Every hospital IT manager or CIO says the same thing these days: that they’re trying to do more with less. Whether it’s due to reduced staff, trimmed budgets or old/damaged equipment that can’t be repaired or replaced, there always is more to do and less resources available to do it. Indeed, one healthcare IT professional recently said that he was surprised that the C-suite didn’t put the toasters and clothes irons on the list of devices for which his department was responsible.
Many already have been burned trying to do more by consolidating what they already have, which created strange mash-ups of telephony, RF and biomed technologies, alongside traditional data-center and desktop-support departments. This most often results in one big monster of many systems that appear analogous to the layperson, but really are quite diverse.
Adding to the challenge are mounting pressures that are impacting the healthcare sector, such as funding constraints, government regulation and litigation risks. This puts added pressure on the organization from the top down to do more with less and ultimately drives decisions toward advanced technology that simplifies and helps streamline patient care.
Zoned communications systems are an example of technology that helps hospitals and their IT departments do more with less. Such systems have three main benefits, as follows:
Higher quality, better service. The old-school paging or public-address systems that are legacy in most healthcare facilities do not have the capacity to be zoned, so no distinction can be made between the targeted staff and departmental areas and the hallways and patient-care areas. This means that patient-care areas — intended to be places of refuge and quiet, which studies have shown to be more conducive to healing — are receiving non-critical “all-call” announcements along with critical pages. This additional, unnecessary noise pollution reduces the overall desired level of patient care and in turn reduces a hospital’s appeal and reputation as a restful healing environment.
At the same time, hospitals must consider staff workflow. When it is predictable and more focused, in the result is improved patient care and a reduction in staff errors. The additional noise introduced by non-critical pages reduces staff attention to critical pages over time, and makes for a less focused, more confusing workplace environment.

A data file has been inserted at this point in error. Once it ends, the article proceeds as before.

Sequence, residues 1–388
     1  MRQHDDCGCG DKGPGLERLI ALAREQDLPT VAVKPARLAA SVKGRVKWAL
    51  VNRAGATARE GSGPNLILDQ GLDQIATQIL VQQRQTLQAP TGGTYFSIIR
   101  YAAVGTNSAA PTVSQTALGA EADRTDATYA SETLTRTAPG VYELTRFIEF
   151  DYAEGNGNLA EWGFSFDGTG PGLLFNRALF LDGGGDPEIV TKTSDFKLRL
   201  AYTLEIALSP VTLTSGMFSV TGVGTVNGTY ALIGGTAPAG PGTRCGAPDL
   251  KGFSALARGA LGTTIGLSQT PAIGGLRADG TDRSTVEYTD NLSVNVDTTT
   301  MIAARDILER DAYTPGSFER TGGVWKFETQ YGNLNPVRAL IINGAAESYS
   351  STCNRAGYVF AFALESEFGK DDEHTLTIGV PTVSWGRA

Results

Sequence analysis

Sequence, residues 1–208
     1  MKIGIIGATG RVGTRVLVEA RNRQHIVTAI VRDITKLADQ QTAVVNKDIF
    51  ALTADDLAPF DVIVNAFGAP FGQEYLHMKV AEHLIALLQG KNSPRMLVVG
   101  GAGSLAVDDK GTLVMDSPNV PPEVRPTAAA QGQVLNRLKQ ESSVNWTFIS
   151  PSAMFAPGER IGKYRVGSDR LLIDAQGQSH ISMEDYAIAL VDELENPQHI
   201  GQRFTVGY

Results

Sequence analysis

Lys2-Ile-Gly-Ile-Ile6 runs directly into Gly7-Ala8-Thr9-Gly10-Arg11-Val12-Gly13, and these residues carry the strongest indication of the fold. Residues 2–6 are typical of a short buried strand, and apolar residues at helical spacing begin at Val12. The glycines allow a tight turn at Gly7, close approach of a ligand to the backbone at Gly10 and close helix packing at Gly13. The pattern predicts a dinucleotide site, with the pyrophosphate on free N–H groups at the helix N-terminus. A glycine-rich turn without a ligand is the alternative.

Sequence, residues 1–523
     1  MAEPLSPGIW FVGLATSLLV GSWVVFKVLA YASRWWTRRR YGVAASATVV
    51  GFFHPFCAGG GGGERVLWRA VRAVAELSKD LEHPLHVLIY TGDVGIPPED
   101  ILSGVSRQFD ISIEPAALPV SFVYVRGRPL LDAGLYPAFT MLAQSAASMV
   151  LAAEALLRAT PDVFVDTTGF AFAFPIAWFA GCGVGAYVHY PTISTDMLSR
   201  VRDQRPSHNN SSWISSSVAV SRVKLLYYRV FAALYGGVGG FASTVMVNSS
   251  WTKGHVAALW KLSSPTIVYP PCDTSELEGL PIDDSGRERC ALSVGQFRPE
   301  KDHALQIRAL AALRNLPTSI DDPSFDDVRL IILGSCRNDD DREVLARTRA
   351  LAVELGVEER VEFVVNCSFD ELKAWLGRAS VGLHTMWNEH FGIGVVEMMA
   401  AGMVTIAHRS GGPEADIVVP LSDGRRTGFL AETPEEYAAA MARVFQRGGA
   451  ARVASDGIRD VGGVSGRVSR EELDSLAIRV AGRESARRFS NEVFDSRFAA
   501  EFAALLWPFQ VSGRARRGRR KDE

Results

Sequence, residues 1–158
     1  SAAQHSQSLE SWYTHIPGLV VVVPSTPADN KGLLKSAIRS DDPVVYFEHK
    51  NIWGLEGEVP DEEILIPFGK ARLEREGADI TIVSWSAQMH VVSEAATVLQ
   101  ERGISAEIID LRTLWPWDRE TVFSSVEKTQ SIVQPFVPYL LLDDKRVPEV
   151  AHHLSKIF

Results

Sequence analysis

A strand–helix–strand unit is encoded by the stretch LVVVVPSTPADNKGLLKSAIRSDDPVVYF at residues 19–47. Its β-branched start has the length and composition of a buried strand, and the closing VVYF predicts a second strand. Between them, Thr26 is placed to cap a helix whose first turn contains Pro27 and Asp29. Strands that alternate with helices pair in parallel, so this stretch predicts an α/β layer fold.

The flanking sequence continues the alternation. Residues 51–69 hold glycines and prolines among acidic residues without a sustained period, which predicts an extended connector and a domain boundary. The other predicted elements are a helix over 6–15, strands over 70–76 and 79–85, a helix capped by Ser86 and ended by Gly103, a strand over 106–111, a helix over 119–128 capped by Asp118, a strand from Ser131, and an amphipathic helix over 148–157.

A zoned communication system eliminates unnecessary pages and provides a hospital staff with a greater level of control over where pages are being sent and received. Newer systems also have other advanced functions, such as ambient noise compensation, that play a key part in the overall “quieting” of the patient-care and staff areas.
Do more with less. Zoned systems are by definition network-friendly systems, since creating a zoned infrastructure is impossible without networking features. The fact that these systems employ similar transport protocol to existing data networks makes the maintenance of them much easier for existing IT staff. It also allows them to do more with less hardware. Gone are the miles of wire that need to be pulled to each individual communication station. Most end points in the system are intuitive Ethernet connections, so installing and expanding the system is easier.
Zoned systems also make it easier for the system to share data about its performance; so, fewer people are needed to monitor and maintain the overall health of the system (no pun intended). From any connected point, a member of the IT staff can log in and receive updates almost instantaneously. In an emergency situation, this network feedback can become invaluable, as it helps to determine which zones are still functional and which may have been fatally damaged.
Hospital employees also can send pages more easily and do more with them. From any networked terminal, pages can be created and sent, zones can be combined or unbundled for specific pages, and specific tones can be added to denote particular types of pages.
Prepared for the future. Networked systems are easier to deploy, scale and maintain, both remotely and reliably. Specifically, a zoned system can be fully operational even if the entire facility isn’t. For example, Providence St. Vincent Medical Center in Portland, Ore., took a multi-phased approach to renovating its facility. They wanted to have one wing fully up-and-running while the other wings were being worked on. Using a zoned approach, they were able to install a system that is now running and can be expanded easily and quickly once the next phase of renovation is complete. The communications system will grow as the hospital grows, saving them time and money while ensuring top-notch patient care in the process.
Many technologies help streamline patient care, while reducing risk at the same time, and zoned communication systems certainly fall into this category. Every hospital and healthcare facility should take a look at its overhead paging and public-address system and consider how a zoned approach could help make operations safer and more efficient.
*This post also appeared in Urgent Communications